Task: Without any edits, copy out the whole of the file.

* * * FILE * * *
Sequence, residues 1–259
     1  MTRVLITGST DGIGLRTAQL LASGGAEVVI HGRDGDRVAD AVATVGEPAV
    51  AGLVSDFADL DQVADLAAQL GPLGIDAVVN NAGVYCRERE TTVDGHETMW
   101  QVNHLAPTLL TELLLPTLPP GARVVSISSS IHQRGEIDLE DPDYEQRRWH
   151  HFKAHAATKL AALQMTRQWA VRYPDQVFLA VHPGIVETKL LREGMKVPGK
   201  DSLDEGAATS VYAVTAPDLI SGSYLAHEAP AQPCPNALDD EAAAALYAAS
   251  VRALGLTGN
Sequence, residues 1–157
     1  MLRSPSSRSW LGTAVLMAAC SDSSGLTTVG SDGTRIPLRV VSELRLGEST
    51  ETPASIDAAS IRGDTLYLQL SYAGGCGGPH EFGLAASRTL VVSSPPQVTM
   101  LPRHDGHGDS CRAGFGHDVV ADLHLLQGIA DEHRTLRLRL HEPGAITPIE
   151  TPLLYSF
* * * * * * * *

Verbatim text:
Sequence, residues 1–259
     1  MTRVLITGST DGIGLRTAQL LASGGAEVVI HGRDGDRVAD AVATVGEPAV
    51  AGLVSDFADL DQVADLAAQL GPLGIDAVVN NAGVYCRERE TTVDGHETMW
   101  QVNHLAPTLL TELLLPTLPP GARVVSISSS IHQRGEIDLE DPDYEQRRWH
   151  HFKAHAATKL AALQMTRQWA VRYPDQVFLA VHPGIVETKL LREGMKVPGK
   201  DSLDEGAATS VYAVTAPDLI SGSYLAHEAP AQPCPNALDD EAAAALYAAS
   251  VRALGLTGN
Sequence, residues 1–157
     1  MLRSPSSRSW LGTAVLMAAC SDSSGLTTVG SDGTRIPLRV VSELRLGEST
    51  ETPASIDAAS IRGDTLYLQL SYAGGCGGPH EFGLAASRTL VVSSPPQVTM
   101  LPRHDGHGDS CRAGFGHDVV ADLHLLQGIA DEHRTLRLRL HEPGAITPIE
   151  TPLLYSF